Monday, November 7, 2011

Knowing Kindness

Before you know what kindness really is
you must lose things,
feel the future dissolve in a moment
like salt in a weakened broth.
What you held in your hand,
what you counted and carefully saved,
all this must go so you know
how desolate the landscape can be
between the regions of kindness.
How you ride and ride
thinking the bus will never stop,
the passengers eating maize and chicken
will stare out the window forever.

Before you learn the tender gravity of kindness,
you must travel where the Indian in a white poncho
lies dead by the side of the road.
You must see how this could be you,
how he too was someone
who journeyed through the night with plans
and the simple breath that kept him alive.

Before you know kindness as the deepest thing inside,
you must know sorrow as the other deepest thing.
You must wake up with sorrow.
You must speak to it till your voice
catches the thread of all sorrows
and you see the size of the cloth.

Then it is only kindness that makes sense anymore,
only kindness that ties your shoes
and sends you out into the day to mail letters and
purchase bread,
only kindness that raises its head
from the crowd of the world to say
it is I you have been looking for,
and then goes with you everywhere
like a shadow or a friend.

—Naomi Shihab Nye

I'm feeling reflective again, thinking about relationships and my own responses to others.  Sometimes I fall into the space of being on-guard when dealing with people and  being very concerned about someone seeing me in a way I don't want to be seen, and being willing to die on the cross defending the correct image.  Guess what?  That's not a place I want to live. That's not the way I want to be.  I could explain and justify all the reasons WHY I go there, how I got to be that way, but it doesn't really matter. All that matters is that I am sort of that way and I need to think differently when something riles me up, instead of jumping into overreact or attack mode.  It's my choice how I react and I don't have to feel offended or angry.  And I don't want to. I want so much to live in peace, harmonious with others.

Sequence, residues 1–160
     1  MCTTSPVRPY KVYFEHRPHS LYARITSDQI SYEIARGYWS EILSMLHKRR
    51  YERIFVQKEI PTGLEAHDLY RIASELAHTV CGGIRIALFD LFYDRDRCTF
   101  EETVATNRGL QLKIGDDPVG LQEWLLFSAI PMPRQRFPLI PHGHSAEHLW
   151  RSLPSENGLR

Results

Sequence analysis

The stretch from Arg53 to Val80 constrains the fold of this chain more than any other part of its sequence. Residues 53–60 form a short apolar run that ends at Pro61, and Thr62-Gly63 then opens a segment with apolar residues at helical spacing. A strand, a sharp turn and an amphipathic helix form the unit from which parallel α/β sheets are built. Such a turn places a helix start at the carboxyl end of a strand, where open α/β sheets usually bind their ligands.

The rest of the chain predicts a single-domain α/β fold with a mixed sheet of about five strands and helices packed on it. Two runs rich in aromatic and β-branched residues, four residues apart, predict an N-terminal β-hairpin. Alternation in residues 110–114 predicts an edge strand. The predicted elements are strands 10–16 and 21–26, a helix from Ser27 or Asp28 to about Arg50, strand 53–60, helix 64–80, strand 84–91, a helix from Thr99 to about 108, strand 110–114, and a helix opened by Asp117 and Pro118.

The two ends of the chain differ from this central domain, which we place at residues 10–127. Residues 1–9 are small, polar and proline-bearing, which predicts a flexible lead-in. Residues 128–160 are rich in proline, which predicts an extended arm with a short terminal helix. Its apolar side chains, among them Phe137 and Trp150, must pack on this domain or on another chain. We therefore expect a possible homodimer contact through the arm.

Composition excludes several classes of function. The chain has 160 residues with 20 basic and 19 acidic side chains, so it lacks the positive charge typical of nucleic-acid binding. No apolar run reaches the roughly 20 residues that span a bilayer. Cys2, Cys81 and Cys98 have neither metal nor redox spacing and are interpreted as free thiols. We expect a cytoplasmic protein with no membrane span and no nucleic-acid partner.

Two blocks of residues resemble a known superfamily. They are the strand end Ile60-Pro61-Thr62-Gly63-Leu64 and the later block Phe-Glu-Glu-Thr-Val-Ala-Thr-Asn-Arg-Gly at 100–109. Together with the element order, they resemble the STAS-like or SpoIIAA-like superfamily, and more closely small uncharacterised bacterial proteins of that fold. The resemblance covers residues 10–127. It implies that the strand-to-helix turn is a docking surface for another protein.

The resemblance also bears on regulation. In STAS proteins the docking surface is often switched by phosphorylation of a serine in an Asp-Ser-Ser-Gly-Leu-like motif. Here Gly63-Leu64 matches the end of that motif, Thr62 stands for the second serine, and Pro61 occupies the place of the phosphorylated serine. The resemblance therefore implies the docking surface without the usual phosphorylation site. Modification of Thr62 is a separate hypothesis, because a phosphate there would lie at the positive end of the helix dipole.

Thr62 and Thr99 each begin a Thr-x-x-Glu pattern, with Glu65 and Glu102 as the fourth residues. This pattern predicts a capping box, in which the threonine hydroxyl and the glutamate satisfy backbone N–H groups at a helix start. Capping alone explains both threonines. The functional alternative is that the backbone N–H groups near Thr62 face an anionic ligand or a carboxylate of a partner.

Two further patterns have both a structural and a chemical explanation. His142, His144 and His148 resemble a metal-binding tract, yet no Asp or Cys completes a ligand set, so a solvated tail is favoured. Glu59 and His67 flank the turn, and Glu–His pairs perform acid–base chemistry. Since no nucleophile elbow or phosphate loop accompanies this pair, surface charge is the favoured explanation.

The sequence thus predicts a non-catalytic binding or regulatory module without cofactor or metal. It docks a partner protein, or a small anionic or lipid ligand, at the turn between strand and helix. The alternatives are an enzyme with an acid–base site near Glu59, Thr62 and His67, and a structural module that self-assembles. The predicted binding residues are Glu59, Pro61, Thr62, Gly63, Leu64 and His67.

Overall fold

For instance, I want to be a better parent.  When Jack uses my shower and covers the drain to make a mini bath and a little water spills on the floor, I should not yell at him and freak out.  I should say, 'hey buddy, next time take a bath', or' just try to keep the water in the shower, yo.'  Parental reprimands probably shouldn't start with 'Goddamit Jack!"  Maybe once in a while for something super naughty, it's ok, but in general, I need to step back and relax and as a friend once said about my management style, half as much...half as much.  That's right. 

Or like when Scott scheduled Caroline's teacher conference on a day I'll be out of town, without even asking me.  My instant reaction was: pissed!  How could he not even think of asking me!  He knew I was going to be out of town that day!  I take offense!!  But before I called him to bitch about it, I stopped. I thought, I'm choosing to feel slighted.  Stop it!  There was no malintent.  Relax.  Call and tell him it doesn't work for me that day and to please talk to me first next time.  So, I did.  And we worked it out peacefully. And I didn't have to feel mad about it.  Yay!

Or like when someone says something to you that you know they don't mean to be hurtful, but you choose to take it that way anyhow and tell them.  And choose to be offended and get upset.  Why do that?  Don't be so concerned with setting straight well-meaning people.  And for goodness sakes, don't lose your temper.  And when you do, apologize. And hope the people around you love you enough to accept it.  And to accept you, and to know that you will always try to do better. 

One of my Sisters, Many Blankets, just handed me a piece of paper with a poem about attitude on it.  It totally goes with all of the above.  Part of her poem says:
"Attitude, to me, is more important than facts.  It is more important than the past, than education, than money, than what people say or do."


1 comment:

  1. Terrific post. Being able to reflect on these moments, and learn from them, is important (and a trait you have). Don't scold yourself too much, though. No doubt Buddha is deadly dull to hang with. You are not dull.